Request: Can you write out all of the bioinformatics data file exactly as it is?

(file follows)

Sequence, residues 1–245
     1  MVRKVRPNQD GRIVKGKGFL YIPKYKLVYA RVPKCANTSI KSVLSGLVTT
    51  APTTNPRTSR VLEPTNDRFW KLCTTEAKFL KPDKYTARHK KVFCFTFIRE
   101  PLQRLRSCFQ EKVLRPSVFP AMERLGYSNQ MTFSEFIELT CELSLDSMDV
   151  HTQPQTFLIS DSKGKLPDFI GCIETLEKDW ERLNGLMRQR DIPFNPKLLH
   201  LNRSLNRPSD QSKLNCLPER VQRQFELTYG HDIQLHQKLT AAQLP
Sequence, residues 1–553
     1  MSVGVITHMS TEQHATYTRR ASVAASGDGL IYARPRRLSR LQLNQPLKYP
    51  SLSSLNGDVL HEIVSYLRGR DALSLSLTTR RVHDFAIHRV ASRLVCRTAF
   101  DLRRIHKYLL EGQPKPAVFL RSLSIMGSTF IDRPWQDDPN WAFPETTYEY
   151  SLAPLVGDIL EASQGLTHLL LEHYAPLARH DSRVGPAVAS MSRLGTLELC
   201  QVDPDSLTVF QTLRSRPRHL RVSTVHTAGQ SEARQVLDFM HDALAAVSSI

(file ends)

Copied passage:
Sequence, residues 1–245
     1  MVRKVRPNQD GRIVKGKGFL YIPKYKLVYA RVPKCANTSI KSVLSGLVTT
    51  APTTNPRTSR VLEPTNDRFW KLCTTEAKFL KPDKYTARHK KVFCFTFIRE
   101  PLQRLRSCFQ EKVLRPSVFP AMERLGYSNQ MTFSEFIELT CELSLDSMDV
   151  HTQPQTFLIS DSKGKLPDFI GCIETLEKDW ERLNGLMRQR DIPFNPKLLH
   201  LNRSLNRPSD QSKLNCLPER VQRQFELTYG HDIQLHQKLT AAQLP
Sequence, residues 1–553
     1  MSVGVITHMS TEQHATYTRR ASVAASGDGL IYARPRRLSR LQLNQPLKYP
    51  SLSSLNGDVL HEIVSYLRGR DALSLSLTTR RVHDFAIHRV ASRLVCRTAF
   101  DLRRIHKYLL EGQPKPAVFL RSLSIMGSTF IDRPWQDDPN WAFPETTYEY
   151  SLAPLVGDIL EASQGLTHLL LEHYAPLARH DSRVGPAVAS MSRLGTLELC
   201  QVDPDSLTVF QTLRSRPRHL RVSTVHTAGQ SEARQVLDFM HDALAAVSSI